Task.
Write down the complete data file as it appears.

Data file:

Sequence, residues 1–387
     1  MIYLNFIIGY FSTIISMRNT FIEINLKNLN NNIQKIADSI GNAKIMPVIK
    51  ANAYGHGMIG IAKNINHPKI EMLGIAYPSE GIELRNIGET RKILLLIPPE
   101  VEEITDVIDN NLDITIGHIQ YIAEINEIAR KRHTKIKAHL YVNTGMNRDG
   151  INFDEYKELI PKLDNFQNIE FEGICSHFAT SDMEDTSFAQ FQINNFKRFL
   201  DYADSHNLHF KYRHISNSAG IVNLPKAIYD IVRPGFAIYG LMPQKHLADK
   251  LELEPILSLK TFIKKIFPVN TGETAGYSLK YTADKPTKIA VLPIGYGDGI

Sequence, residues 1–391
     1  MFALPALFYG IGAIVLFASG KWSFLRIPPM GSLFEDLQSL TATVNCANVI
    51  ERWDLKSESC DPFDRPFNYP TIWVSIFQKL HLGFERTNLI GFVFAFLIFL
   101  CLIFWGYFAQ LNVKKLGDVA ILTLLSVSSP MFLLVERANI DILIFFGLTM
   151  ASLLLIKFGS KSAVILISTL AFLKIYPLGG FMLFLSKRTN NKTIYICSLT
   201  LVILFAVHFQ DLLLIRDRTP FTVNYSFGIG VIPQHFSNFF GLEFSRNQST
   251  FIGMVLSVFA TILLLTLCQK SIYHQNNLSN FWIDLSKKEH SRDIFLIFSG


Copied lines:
Sequence, residues 1–387
     1  MIYLNFIIGY FSTIISMRNT FIEINLKNLN NNIQKIADSI GNAKIMPVIK
    51  ANAYGHGMIG IAKNINHPKI EMLGIAYPSE GIELRNIGET RKILLLIPPE
   101  VEEITDVIDN NLDITIGHIQ YIAEINEIAR KRHTKIKAHL YVNTGMNRDG
   151  INFDEYKELI PKLDNFQNIE FEGICSHFAT SDMEDTSFAQ FQINNFKRFL
   201  DYADSHNLHF KYRHISNSAG IVNLPKAIYD IVRPGFAIYG LMPQKHLADK
   251  LELEPILSLK TFIKKIFPVN TGETAGYSLK YTADKPTKIA VLPIGYGDGI

Sequence, residues 1–391
     1  MFALPALFYG IGAIVLFASG KWSFLRIPPM GSLFEDLQSL TATVNCANVI
    51  ERWDLKSESC DPFDRPFNYP TIWVSIFQKL HLGFERTNLI GFVFAFLIFL
   101  CLIFWGYFAQ LNVKKLGDVA ILTLLSVSSP MFLLVERANI DILIFFGLTM
   151  ASLLLIKFGS KSAVILISTL AFLKIYPLGG FMLFLSKRTN NKTIYICSLT
   201  LVILFAVHFQ DLLLIRDRTP FTVNYSFGIG VIPQHFSNFF GLEFSRNQST
   251  FIGMVLSVFA TILLLTLCQK SIYHQNNLSN FWIDLSKKEH SRDIFLIFSG